The first graduating class of UforChange – almost 50 dynamic youth from Toronto’s St James Town neighbourhood – got their certificates and celebrated their success in a day-long showcase on Sunday, May 16, at the jam-packed Parliament Street studio space. They were cheered on by proud parents, sisters and brothers, friends and many others from the community. Many of the grads of the arts-based youth training project are now moving on to placements in the arts sector – everything from television production to dog-grooming. The Wellesley Institute is proud to be the lead agency in the community collaboration that is supporting UforChange.
The youth participated in a series of workshops over the past few months that provided them with training and practical information in arts, employment and community issues. The initiative is supported by funding from Citizenship and Immigration Canada, along with contributions from the Wellesley Institute, Low Income Families Together, Banyan Youth, Cabbagetown Community Arts Centre and Canadian Community Initiatives.
During the five-hour Sunday showcase, UforChange grads performed dance, spoken word and music – and displayed their fashion design and photography skills. UforChange also launched a CD compilation of the work of the participants. The youth in the program have been labeled ‘at risk’ – they have been socially and economically excluded from the mainstream. The goal of UforChange is to provide training and other practical supports to the youth.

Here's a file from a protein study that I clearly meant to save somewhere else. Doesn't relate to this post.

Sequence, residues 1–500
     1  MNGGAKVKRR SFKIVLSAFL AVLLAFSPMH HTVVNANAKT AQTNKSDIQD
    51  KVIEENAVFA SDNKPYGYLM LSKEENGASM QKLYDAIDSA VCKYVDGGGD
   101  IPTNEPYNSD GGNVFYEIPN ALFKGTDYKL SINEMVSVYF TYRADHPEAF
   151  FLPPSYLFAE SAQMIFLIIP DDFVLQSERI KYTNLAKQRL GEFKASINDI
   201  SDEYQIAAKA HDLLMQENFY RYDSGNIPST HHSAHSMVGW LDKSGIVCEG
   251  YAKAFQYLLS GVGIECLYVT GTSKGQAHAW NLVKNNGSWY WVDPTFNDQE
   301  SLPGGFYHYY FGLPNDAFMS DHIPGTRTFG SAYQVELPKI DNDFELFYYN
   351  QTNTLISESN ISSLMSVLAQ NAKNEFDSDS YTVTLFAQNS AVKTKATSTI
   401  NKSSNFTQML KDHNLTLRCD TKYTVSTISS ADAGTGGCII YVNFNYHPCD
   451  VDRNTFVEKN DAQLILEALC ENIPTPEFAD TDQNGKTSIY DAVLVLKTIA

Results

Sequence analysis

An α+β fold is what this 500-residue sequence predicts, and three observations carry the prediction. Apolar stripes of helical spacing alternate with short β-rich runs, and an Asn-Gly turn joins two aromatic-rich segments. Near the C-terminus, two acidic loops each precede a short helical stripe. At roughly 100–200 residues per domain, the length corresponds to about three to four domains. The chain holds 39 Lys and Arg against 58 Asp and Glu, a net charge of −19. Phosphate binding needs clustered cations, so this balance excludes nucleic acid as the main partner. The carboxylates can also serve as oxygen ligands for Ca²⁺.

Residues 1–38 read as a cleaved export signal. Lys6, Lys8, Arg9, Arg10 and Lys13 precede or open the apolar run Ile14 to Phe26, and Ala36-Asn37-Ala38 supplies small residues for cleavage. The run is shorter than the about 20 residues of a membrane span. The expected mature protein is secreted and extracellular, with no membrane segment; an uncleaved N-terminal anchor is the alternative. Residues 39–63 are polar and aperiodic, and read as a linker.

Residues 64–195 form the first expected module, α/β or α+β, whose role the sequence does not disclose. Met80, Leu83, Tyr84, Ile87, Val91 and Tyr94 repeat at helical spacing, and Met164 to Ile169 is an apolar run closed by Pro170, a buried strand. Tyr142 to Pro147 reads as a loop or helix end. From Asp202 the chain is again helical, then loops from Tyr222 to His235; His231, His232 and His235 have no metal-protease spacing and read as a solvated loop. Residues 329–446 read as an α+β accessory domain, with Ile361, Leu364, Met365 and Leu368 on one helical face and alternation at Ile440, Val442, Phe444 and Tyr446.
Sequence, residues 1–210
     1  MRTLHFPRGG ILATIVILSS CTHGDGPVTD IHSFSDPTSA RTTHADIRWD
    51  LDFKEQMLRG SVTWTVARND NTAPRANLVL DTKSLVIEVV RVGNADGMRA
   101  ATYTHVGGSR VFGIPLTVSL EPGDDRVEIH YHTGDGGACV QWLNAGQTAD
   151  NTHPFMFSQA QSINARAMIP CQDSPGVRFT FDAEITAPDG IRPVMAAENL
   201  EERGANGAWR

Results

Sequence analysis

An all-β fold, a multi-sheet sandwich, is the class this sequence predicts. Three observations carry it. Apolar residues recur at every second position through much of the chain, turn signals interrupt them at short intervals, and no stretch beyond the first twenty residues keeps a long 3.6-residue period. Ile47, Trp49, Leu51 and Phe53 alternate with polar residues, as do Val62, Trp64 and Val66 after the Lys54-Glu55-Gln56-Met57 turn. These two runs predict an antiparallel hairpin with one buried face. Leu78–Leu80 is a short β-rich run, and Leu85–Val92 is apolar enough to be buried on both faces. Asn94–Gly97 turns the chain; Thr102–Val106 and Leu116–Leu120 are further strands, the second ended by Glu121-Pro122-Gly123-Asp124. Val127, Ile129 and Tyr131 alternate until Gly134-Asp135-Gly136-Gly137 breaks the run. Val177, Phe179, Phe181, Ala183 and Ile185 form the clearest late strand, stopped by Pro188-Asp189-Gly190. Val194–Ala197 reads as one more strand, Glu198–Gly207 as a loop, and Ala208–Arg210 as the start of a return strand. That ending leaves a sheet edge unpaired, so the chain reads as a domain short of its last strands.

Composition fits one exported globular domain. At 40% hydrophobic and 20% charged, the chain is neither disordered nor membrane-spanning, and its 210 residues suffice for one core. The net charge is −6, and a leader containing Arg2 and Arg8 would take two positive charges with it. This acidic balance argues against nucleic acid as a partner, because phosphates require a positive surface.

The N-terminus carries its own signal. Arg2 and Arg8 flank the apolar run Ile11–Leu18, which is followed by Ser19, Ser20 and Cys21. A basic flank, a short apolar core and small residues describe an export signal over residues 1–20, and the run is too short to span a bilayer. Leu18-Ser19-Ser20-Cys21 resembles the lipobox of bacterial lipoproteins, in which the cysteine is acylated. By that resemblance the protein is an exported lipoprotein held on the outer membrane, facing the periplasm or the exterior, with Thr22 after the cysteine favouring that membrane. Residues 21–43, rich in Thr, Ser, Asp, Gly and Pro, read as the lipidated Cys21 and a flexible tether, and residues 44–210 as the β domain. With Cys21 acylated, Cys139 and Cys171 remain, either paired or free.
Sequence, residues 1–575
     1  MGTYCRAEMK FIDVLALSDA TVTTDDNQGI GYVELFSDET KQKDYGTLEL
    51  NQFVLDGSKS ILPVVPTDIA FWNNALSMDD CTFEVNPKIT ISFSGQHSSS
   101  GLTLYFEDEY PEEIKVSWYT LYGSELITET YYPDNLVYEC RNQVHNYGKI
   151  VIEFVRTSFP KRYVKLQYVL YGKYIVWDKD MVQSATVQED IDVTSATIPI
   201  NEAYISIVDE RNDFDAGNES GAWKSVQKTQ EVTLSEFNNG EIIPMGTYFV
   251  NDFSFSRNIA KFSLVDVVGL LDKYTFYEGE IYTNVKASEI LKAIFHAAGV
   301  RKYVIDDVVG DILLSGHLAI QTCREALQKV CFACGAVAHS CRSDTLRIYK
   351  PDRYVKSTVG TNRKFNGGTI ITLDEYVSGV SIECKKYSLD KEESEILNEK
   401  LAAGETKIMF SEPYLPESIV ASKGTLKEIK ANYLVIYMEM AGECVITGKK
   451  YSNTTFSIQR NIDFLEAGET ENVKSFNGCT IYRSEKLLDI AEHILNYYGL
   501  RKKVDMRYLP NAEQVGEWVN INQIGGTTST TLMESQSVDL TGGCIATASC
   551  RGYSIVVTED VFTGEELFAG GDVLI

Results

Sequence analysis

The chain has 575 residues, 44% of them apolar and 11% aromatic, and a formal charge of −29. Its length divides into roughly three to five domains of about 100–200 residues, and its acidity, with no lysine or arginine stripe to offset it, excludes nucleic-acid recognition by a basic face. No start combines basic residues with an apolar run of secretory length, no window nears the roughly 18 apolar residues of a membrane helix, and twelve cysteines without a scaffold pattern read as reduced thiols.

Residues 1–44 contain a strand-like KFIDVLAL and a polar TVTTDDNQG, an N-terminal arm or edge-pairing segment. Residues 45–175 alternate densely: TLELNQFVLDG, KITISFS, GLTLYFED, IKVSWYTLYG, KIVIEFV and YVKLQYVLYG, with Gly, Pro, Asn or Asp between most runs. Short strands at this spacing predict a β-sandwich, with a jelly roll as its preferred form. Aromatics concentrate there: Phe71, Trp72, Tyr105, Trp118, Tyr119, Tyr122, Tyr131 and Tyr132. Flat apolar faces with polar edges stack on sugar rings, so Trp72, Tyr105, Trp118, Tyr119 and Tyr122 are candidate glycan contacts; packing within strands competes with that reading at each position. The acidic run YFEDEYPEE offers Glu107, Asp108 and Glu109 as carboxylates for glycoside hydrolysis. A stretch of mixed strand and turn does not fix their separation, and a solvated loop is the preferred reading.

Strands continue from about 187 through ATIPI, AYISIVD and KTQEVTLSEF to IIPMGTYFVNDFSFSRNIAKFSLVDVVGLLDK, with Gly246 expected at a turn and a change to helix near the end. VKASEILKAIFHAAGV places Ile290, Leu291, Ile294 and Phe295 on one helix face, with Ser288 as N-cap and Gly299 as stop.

UforChange has already started to recruit for its second cohort – which will be double the size of the first graduating class, with as many as 115 youth participants.
In addition to providing administrative and project management support to the UforChange steering committee and project team, the Wellesley Institute is leading the internal evaluation process. By identifying issues and documenting successful strategies, we aim to provide practical information to assist in the development of similar initiatives in other communities across Canada.
Social inclusion and meaningful employment are two important components of personal health, and also the health of communities.